ICSE Revision Notes for Upthrust, Archimedes' Principle and Floatation Class 9 Physics
Chapter Name  Upthrust, Archimedes' Principle and Floatation 
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Buoyancy and Upthrust
 ∙The weight of the object exerts a force on the liquid. The liquid also exerts a certain amount of force on the object in the upward direction. This force is called the buoyant force.
 The tendency of a liquid to exert an upward force on any object immersed in it is called buoyancy.
 The upward force exerted by a liquid is also called upthrust.
Condition for a Body to Sink or Float
 A body immersed in water experiences two forces—its weight in the downward direction and the upthrust due to water in the upward direction.
 When F_{B} > W or F_{B} = W, the body will float. When F_{B} > W, the body will float with a part submerged for which the upthrust is equal to the weight. When F_{B} > W, the body will float with its body completely submerged.
 When F_{B} < W, the body will sink. It will go down with acceleration equal to difference in both forces divided by its mass.
a = (W  F_{B})/M
Characteristic Properties of Upthrust
 Larger the volume of the body submerged in fluid, greater is the upthrust.
 More the density of fluid, greater is the upthrust.
 The upthrust acts on the body in the upward direction at the centre of gravity of the displaced fluid which is called the centre of buoyancy.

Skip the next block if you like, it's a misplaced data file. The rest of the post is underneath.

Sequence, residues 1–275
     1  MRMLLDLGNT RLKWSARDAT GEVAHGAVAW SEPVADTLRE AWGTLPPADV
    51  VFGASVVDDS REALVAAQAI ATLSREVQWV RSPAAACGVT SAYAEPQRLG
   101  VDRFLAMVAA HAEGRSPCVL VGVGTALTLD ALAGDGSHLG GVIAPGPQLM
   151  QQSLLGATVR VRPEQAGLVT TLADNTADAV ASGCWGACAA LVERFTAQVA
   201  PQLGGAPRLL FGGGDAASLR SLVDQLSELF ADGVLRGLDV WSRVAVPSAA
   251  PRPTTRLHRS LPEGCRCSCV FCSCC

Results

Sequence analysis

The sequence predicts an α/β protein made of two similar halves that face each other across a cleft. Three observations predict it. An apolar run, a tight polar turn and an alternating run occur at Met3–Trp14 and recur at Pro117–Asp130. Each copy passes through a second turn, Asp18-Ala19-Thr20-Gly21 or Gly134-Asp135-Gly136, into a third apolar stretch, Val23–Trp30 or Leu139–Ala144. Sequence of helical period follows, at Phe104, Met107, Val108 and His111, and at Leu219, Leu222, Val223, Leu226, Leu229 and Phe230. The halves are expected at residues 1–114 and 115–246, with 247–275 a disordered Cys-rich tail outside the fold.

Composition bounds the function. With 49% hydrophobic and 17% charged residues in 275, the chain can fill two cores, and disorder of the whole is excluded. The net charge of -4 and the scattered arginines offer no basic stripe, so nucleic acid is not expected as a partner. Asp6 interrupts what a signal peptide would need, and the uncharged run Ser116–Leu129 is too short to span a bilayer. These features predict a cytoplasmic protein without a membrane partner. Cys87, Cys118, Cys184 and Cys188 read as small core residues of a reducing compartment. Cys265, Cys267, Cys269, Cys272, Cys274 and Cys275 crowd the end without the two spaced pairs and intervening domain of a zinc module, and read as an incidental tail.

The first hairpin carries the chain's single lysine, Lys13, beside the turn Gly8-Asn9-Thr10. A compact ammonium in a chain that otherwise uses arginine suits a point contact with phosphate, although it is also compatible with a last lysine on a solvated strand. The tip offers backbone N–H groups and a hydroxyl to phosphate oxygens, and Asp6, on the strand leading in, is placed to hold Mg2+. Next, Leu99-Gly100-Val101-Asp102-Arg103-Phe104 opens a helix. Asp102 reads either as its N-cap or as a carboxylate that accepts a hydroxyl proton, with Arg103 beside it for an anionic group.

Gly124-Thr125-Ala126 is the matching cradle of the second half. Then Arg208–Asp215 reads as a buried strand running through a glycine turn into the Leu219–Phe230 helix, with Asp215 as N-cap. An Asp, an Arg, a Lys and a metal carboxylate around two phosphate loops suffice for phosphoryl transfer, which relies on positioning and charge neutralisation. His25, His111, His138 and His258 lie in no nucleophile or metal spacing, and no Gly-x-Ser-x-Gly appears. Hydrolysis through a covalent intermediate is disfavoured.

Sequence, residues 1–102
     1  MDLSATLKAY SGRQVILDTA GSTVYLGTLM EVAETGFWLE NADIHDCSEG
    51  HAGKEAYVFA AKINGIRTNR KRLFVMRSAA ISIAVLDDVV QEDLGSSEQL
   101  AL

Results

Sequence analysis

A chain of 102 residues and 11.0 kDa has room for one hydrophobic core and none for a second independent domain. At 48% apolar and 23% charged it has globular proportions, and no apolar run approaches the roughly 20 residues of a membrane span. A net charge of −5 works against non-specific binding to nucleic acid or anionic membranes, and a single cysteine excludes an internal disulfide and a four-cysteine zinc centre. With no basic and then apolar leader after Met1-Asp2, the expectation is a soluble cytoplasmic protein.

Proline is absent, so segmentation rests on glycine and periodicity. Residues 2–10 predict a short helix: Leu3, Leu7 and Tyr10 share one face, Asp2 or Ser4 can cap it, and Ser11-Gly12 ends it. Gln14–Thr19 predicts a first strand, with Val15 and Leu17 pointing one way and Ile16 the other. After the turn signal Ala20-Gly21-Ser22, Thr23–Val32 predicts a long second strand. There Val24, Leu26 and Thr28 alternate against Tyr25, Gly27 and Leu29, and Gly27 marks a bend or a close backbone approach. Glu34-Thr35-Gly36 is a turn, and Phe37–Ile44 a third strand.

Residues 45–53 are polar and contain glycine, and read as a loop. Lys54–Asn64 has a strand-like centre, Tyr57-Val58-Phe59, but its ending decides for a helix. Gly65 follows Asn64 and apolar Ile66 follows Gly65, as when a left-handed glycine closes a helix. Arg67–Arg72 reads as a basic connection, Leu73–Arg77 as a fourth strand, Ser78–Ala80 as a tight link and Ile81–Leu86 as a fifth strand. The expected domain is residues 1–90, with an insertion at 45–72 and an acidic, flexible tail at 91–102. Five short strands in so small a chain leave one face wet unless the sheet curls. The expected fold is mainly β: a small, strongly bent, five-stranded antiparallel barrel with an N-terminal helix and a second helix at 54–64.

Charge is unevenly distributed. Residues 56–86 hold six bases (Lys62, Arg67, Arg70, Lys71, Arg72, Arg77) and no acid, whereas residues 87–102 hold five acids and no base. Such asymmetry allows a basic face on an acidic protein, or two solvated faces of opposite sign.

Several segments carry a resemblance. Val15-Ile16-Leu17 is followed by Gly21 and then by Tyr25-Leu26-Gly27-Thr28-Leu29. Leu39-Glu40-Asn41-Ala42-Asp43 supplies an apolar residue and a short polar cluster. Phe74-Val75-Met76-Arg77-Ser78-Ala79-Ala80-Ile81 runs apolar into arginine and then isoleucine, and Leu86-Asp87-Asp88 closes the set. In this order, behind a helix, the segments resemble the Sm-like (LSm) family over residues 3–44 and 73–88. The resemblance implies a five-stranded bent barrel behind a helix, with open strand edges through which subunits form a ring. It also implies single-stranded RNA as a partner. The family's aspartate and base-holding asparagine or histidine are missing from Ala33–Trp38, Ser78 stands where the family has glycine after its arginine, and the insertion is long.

Reason for Upthrust
 The liquid kept in a vessel exerts uniform pressure in all directions.
 The pressure at a point in a liquid is the same in all directions.
 It increases with increase in depth.
 The pressure P_{2} on the lower face is more than the pressure P_{1} on the upper face. This creates a pressure difference between the two faces of the block.
 Thus, there is a net upward force generated on the block.
Upthrust = F = (P_{2} – P_{1})/A
Archimedes’ principle
 When an object is immersed wholly or partially in a fluid, it experiences an upthrust which is equal to the weight of the fluid displaced by it.
Buoyant force acting on an object = Weight of fluid displaced by that object
 Gases however exert a very negligible buoyant force on the objects placed in them.
Experimental Verification of Archimedes’ Principle
 We can verify Archimedes’ principle with the help of the following two experiments.
Experiment 1
 In this experiment, a solid cylinder A and a hollow cylinder B of the same volume are used.
 The solid cylinder A is immersed in water contained in a beaker D. We observe that the solid cylinder loses some weight, that is, the left arm rises.
 Water is poured in the hollow cylinder B till it is completely filled. The beam is balanced.
 Thus, we can conclude that buoyant force acting on the solid cylinder A is equal to the weight of water filled in cylinder B.
 Because A and B have the same volume, the weight of water in cylinder B is equal to the weight of water displaced by A.
 Thus, the buoyant force acting on cylinder A is equal to the weight of water displaced by it.
Experiment 2
 In this experiment, a solid is suspended by a thin thread from the hook of a spring balance. The balance will show a reading.
 A can called eureka can filled with water up to the spout is taken. A measuring cylinder is kept near the spout of the can.
 The solid is gently immersed in the can. This leads to spilling of water from the spout which gets collected in the measuring cylinder.
 Note the weight of the solid and the volume of water collected in the cylinder.
 Water has density 1 g cm^{3}. Thus, the volume of water collected in the cylinder is equal to the mass (or weight) of water displaced by the solid.
Density
 Density of a substance is defined as mass per unit volume.
 It is a scalar quantity and is represented by the Greek letter ρ.
ρ = M/V
 Its SI unit is kg m^{3}, and its CGS unit is g cm^{3}.
 Most substances expand on heating and contract on cooling.
 Thus, the density of a substance increases with decrease in temperature and decreases with increase in temperature.